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War Tax Resisters to celebrate resistance, peace, and hope on Tax Day

BRATTLEBORO—The Pioneer Valley War Tax Resisters will be at the Brattleboro Food Co-op, 2 Main St., on Monday, May 17 (the deadline for filing personal income tax forms this year) from 10 a.m. to 6 p.m.

According to a news release, group members will be “calling for a stop to the United States’ endless wars on people and the environment, which are funded by misappropriating tax dollars towards military and military-related spending.”

“Those present will also be celebrating how tax resistance can be a useful tool for individuals and groups looking to live lives more aligned with their values while creating a more peaceful and just world for all,” the organization writes.

“I want to live my values, which includes nonviolence,” said Lindsey Britt of Brattleboro. “Paying for destruction at home and abroad doesn’t fit into that, so I live more simply and refuse to pay a portion of my taxes.”

Britt and other people in southeast Vermont are, in the words of the tax-resister group, “openly refusing to be complicit in their government’s deadly and destructive path by sending letters to their congressional delegates, contributing to war tax resister penalty funds, living simply to lower their taxes, and/or refusing to pay a portion of (even $10 makes a difference) or all of their taxes.”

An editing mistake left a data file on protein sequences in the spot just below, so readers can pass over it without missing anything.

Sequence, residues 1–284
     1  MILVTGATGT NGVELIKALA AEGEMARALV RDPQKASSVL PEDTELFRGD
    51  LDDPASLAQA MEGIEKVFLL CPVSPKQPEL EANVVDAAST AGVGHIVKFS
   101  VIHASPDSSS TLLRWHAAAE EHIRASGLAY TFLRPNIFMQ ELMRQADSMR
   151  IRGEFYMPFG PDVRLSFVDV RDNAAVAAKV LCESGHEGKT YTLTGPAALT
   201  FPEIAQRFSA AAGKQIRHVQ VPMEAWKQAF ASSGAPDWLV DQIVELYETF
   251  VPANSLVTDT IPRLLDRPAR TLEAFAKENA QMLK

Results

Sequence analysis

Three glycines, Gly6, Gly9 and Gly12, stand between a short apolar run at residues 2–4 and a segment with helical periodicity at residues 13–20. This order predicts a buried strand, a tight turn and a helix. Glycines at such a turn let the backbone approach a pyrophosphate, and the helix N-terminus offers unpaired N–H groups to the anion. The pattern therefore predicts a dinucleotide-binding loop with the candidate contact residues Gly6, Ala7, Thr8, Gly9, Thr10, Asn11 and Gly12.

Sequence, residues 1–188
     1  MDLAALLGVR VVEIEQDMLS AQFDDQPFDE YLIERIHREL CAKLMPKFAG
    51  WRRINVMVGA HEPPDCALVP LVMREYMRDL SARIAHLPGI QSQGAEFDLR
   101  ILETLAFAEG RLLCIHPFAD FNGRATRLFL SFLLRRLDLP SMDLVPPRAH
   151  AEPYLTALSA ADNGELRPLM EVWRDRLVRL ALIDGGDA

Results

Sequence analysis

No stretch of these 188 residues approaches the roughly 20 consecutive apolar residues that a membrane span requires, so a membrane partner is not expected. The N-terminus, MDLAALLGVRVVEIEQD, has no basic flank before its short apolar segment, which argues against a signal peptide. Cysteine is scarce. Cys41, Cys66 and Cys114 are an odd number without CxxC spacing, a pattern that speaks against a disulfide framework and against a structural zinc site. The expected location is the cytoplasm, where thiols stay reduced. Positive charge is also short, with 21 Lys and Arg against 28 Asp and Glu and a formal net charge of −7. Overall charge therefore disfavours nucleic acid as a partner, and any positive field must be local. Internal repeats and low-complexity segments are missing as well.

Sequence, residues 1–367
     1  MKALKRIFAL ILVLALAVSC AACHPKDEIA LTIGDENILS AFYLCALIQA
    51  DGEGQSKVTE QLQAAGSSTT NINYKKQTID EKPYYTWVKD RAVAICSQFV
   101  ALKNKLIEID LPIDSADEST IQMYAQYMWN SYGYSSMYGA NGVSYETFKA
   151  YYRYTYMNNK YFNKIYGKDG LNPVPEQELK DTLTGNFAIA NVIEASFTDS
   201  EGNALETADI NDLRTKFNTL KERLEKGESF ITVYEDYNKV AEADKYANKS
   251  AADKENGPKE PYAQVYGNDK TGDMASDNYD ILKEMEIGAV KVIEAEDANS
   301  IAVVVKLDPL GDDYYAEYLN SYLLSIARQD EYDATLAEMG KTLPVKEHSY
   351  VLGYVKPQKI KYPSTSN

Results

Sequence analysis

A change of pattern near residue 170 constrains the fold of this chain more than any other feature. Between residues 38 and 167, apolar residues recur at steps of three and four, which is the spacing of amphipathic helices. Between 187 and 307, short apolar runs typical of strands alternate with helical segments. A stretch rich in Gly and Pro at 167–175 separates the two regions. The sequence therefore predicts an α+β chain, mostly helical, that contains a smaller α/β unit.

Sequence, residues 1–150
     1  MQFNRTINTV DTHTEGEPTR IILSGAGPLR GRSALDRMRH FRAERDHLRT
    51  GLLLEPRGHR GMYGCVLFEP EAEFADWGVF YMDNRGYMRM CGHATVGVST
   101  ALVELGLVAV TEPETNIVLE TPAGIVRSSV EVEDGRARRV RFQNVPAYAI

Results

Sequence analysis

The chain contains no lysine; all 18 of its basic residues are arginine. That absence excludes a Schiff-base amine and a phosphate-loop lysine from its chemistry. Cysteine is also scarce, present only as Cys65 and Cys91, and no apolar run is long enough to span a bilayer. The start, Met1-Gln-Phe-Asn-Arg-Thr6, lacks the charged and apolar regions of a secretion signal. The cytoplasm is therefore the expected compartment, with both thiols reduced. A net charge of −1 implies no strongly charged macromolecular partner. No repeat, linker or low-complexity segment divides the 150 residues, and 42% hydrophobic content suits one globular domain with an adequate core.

They cited the proposed federal budget for fiscal year 2022, which “continues to take our country in the wrong direction by dedicating 48 percent ($1.7 trillion) of current federal spending to past and present military expenses.”

The group said that U.S. weaponry “is used to not only kill people in places like Yemen, Iraq, and Afghanistan, but it is also employed to harm, intimidate, and kill citizens, especially people of color, in the United States.”

They charge that since Sept. 11, 2001, more than $1.6 billion of military equipment has been transferred to police departments under the Department of Defense Law Enforcement Support Office’s surplus equipment (“1033”) program.

Additionally, they said, “the U.S. military is the largest institutional user of oil in the world — burning 240,000 barrels of oil each day — and no plan to halt climate change is adequate [if it] does not address the military budget.”

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Originally published in The Commons issue #612 (Wednesday, May 12, 2021). This story appeared on page B3.

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